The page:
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Risk stratification of patients admitted to hospital with covid-19 using the ISARIC WHO Clinical Characterisation Protocol: development and validation of the 4C Mortality Score

BMJ 2020; 370 doi: https://doi.org/10.1136/bmj.m3339 (Published 09 September 2020) Cite this as: BMJ 2020;370:m3339

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Re: Risk stratification of patients admitted to hospital with covid-19 using the ISARIC WHO Clinical Characterisation Protocol: development and validation of the 4C Mortality Score

Dear Editor

Knight and colleagues have developed and validated a pragmatic risk score that predicts mortality in patients with COVID-19. The study is arguably the largest of its kind; the statistical analysis is extensive and relatively robust; and the score is simple enough to be applied in clinical practice.

Clinicians must understand that this score won’t differentiate COVID-19 from other similar clinical presentations at the front door, where this score is intended to be used. Many times, the patient who presents with severe breathlessness to emergency departments or their GPs will have not yet had a confirmatory SARS-CoV-2 nasopharyngeal PCR result. Differentials for a breathless patient, even with bilateral shadowing on a concomitant chest x-ray are broad. This includes acute heart failure, atypical bacterial pneumonia and with the winter looming, acute influenza.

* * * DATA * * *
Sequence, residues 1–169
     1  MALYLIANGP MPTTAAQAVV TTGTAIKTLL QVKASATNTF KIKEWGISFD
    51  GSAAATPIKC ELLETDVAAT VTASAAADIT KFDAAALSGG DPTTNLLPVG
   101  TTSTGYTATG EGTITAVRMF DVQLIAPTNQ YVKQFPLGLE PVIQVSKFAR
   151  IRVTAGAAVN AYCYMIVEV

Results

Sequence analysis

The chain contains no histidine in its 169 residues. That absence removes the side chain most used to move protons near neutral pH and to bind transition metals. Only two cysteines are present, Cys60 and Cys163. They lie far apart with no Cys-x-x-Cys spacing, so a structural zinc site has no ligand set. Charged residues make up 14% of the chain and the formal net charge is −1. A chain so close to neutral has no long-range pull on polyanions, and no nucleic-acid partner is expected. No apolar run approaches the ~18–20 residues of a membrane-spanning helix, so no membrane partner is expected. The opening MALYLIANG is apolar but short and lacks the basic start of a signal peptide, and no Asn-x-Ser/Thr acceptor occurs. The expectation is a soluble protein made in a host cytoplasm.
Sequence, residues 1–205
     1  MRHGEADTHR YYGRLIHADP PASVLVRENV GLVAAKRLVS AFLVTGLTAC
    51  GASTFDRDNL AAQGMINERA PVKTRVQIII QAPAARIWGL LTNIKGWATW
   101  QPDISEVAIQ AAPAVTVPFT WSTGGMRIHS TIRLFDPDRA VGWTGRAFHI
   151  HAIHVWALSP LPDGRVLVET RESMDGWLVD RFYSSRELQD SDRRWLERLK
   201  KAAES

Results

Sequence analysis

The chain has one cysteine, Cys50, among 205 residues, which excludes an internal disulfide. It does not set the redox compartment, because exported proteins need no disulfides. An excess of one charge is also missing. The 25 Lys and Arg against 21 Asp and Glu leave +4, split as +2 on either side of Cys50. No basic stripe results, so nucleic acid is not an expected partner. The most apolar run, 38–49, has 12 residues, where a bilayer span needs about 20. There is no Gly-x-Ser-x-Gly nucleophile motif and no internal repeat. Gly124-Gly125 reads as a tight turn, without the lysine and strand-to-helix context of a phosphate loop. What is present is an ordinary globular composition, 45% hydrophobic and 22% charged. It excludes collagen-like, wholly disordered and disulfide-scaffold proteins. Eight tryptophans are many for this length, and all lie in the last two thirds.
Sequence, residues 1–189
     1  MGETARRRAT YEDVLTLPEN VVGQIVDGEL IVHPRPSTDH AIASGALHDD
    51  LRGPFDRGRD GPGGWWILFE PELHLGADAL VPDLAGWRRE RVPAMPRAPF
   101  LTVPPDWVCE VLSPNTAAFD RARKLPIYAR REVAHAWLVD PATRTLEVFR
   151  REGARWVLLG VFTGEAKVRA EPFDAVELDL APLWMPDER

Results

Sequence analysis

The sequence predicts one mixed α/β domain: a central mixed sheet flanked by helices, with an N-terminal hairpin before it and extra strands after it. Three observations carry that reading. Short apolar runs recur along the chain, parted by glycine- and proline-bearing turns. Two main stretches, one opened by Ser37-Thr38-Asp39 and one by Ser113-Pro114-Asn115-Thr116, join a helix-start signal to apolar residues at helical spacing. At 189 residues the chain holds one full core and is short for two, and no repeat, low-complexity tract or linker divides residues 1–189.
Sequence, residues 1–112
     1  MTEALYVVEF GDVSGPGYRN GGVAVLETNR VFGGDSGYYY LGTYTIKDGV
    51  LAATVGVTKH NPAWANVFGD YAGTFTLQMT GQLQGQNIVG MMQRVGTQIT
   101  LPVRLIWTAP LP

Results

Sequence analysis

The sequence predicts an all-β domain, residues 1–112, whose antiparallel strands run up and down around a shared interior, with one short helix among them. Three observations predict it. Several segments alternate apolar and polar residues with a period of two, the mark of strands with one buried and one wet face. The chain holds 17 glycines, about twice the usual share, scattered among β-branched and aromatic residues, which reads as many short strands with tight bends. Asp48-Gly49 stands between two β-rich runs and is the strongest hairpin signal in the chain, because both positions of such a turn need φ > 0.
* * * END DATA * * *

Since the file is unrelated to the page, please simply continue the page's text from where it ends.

To complicate matters further, any patient with severe disease from the aforementioned conditions would score highly on the 4C Mortality Score; but their management, and therefore prognosis would be different to what the score predicts, depending on their condition and appropriate subsequent use of diuretics or antimicrobial therapy. For example, an elderly patient in acute heart failure (giving them drop in mental status, raised urea, oxygen requirements and raised respiratory rate) may be inadvertently given steroids due to a misdiagnosis of COVID-19 and a high scoring 4C Mortality Score, when all they actually required was adequate diuresis.

The second wave of COVID-19 is on the horizon in the UK. Thanks to huge efforts in research, we are now better equipped to deal with the disease. However, the clinical history and examination remain critical in ensuring the diagnosis of COVID-19 is correct; so that correct interventions are targeted at those who need them, and that patients presenting to healthcare with similar diseases other than COVID-19 do not come to harm.

Competing interests: No competing interests

16 September 2020
Daniel Pan
NIHR Academic Clinical Fellow in Infectious Diseases
Department of Respiratory Sciences
University of Leicester